Bernie’s out, but his movement is far from over

by Reyna Estrada / Sports Editor

Bernie Sanders is a senator from Vermont, currently serving his third term in the Senate. Photo courtesy of WBBM Radio.

I met Bernie Sanders at a rally in 2016. He shook my hand and told me “you are the future.” I remember begging all of my friends to attend the rally with me, and I had shown up hours early despite the rainy weather. 

I’ve been a Sanders supporter since his first run for president in 2016. While I was devastated at the result of the Democratic Primary back then, I was even more devastated when I read that Sanders had officially dropped out of the 2020 presidential race. 

This wasn’t surprising. He had been significantly behind former Vice President Joe Biden in the polls, and with the way the primaries have been going — he wasn’t likely to catch up. Voter turnout has been down, and Sanders has had difficulty gaining traction after Sen. Amy Klobuchar and former mayor Pete Buttigieg dropped out in early March. However, the predictability of it didn’t help to lessen my disappointment. 

I am Sanders supporter for many reasons, but mostly because of his reliability on key issues. He’s been fighting for the same causes for so long, and he’s the only candidate that I genuinely believe has the best interests of the American citizens in mind — for every action and decision.

He’s a proponent of the Green New Deal, universal healthcare, housing for all, a $15 minimum wage and so much more. Additionally, he has a layout for each of the costs and logistical plans involved with accomplishing his seemingly ambitious goals.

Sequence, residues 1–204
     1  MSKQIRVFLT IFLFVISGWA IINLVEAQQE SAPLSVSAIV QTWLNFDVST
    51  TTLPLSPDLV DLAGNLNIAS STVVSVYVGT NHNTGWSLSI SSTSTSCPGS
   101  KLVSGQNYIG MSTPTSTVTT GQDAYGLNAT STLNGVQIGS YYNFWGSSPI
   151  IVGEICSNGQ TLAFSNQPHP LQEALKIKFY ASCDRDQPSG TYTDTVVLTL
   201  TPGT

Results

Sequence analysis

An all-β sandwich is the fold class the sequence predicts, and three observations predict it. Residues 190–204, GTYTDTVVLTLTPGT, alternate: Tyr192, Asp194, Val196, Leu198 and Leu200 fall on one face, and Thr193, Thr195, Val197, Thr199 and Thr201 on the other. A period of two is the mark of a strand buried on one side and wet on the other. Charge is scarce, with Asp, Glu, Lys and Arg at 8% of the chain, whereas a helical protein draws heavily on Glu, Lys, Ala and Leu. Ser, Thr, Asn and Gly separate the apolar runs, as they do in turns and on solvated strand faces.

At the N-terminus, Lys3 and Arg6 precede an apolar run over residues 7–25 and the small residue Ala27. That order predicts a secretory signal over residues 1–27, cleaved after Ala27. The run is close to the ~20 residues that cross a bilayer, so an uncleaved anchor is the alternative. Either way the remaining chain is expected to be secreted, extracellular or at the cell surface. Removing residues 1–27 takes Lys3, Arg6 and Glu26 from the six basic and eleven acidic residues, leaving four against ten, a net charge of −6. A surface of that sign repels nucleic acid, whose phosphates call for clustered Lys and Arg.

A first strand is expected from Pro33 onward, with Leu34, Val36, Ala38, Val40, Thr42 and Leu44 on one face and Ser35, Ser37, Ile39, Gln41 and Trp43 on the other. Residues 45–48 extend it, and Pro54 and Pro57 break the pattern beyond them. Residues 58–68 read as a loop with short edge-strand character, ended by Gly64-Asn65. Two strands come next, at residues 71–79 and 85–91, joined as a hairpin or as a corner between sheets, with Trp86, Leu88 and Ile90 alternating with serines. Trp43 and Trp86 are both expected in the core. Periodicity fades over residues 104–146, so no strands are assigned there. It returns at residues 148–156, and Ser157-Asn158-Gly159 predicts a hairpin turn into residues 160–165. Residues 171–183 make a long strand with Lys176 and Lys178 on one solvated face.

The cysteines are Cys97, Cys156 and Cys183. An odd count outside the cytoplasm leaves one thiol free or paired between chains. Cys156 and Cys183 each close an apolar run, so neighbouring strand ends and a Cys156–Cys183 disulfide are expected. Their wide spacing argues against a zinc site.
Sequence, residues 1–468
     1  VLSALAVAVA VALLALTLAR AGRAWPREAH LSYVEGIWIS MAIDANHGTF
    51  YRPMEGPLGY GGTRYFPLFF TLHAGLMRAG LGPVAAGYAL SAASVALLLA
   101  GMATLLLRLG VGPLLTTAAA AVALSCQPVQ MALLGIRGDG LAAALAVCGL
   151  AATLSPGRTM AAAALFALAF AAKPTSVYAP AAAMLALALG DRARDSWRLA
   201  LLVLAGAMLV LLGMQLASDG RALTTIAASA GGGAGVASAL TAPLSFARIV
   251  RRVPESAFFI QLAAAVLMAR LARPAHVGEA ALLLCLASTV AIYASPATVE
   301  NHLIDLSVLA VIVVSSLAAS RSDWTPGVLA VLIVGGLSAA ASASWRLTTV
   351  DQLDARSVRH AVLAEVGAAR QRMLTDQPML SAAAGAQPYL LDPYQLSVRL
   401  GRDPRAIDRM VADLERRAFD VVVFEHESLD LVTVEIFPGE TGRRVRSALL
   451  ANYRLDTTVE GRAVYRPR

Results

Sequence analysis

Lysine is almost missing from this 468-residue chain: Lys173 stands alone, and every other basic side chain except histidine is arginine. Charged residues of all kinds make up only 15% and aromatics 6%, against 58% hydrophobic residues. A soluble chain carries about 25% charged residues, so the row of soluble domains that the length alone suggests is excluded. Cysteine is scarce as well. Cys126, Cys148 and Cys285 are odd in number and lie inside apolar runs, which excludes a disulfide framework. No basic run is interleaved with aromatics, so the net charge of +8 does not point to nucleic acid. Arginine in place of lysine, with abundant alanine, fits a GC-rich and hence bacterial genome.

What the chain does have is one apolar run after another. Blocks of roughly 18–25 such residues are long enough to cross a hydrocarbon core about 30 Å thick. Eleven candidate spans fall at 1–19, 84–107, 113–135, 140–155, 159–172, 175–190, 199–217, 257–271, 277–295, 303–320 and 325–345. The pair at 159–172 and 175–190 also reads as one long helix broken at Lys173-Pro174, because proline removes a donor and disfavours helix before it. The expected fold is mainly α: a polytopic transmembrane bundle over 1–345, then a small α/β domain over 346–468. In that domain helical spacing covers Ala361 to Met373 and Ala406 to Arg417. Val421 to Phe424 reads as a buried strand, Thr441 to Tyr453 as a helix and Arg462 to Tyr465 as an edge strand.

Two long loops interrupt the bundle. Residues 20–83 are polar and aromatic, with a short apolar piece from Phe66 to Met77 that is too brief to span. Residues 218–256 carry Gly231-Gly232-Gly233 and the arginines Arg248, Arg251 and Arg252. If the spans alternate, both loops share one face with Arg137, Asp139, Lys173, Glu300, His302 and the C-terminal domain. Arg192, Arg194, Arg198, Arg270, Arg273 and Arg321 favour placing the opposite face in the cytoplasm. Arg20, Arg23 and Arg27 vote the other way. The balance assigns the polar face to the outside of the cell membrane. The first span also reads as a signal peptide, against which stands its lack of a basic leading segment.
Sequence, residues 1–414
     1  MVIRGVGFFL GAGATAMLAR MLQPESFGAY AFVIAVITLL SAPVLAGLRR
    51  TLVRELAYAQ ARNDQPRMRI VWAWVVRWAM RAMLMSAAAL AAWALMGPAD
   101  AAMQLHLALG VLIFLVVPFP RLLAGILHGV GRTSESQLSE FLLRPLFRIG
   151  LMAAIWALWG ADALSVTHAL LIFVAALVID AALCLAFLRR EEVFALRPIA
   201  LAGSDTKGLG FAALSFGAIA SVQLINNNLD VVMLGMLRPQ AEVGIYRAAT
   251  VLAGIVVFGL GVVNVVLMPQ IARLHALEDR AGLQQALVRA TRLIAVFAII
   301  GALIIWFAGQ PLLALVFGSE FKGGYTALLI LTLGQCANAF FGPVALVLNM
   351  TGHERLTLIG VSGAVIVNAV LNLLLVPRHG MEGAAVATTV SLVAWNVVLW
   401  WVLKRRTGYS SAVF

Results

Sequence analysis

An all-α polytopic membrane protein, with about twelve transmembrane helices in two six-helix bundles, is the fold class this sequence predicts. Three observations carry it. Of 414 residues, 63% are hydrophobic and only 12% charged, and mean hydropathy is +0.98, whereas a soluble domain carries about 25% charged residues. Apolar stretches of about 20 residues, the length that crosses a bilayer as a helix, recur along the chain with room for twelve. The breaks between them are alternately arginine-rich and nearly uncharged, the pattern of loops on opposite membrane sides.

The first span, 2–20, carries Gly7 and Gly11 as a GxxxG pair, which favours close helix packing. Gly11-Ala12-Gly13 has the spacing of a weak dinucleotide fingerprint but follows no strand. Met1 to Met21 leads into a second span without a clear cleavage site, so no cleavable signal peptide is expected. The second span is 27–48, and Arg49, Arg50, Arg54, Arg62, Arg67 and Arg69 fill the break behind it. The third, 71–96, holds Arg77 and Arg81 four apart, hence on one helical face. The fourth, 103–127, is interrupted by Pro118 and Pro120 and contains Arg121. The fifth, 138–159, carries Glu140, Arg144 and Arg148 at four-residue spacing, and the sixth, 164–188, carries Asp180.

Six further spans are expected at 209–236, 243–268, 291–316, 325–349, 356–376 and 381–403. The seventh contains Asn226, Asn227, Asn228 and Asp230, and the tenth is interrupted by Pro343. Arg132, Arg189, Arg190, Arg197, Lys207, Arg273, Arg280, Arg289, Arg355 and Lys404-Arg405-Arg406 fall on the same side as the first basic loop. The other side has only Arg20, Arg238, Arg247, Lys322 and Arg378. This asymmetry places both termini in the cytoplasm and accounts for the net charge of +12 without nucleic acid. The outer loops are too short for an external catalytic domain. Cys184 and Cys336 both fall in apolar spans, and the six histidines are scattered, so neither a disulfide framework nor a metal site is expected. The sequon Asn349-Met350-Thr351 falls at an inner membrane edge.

I am a Sanders supporter for many of the reasons his opponents dislike him. He’s an optimist, and his plans are not band-aids or quick fixes to difficult problems. Instead, his mission would have forced the U.S. to take a giant leap in a completely new direction, and widespread change is oftentimes scary. But that’s precisely why I support Sanders. He’s not afraid to challenge world views, and he gladly labels himself as a democratic socialist, despite criticism. Sanders is not afraid to create change. He’s not afraid to look at the world as it should be instead of how it is and try to make that happen. 

Sadly, Sanders’ presidential bid has come to an end, but his mission is far from over. However, I’m not telling you to write in his name, or refuse to vote. I will, unfortunately, be voting for Joe Biden. Not because I like him, or trust him, but because I have once again been forced to pick between the lesser of two evils. 

That’s not to say that I don’t understand why people refuse to vote, maybe neither candidate is worth voting for, maybe they don’t deserve your vote. I truly don’t want to vote for Joe Biden, but I am, and here’s why. 

On Sanders’ campaign website, he stated, “I’m running for president so that, when we are in the White House, the movement we build together can achieve economic, racial, social and environmental justice for all.”  

Throughout his campaign, Sanders continued to emphasize the importance of collective action, he included his supporters in his goal. He didn’t view his movement as his movement, instead, he referred to it as “our movement.”

With Biden as president, it will be significantly easier to move forward with some of the progressive ideas that Sanders has been pushing for so long. With Trump as president, all of that potential goes away. Biden has a plan to help rework campaign finance, and fight corruption. He even has a plan for addressing climate change — a plan that will never see the light of day under the Trump administration. 

When Sanders told me I was the future, I believed him, and that’s why I will use my right to vote to keep fighting for what I believe in — even if it’s a small step instead of the giant leap we wanted. 



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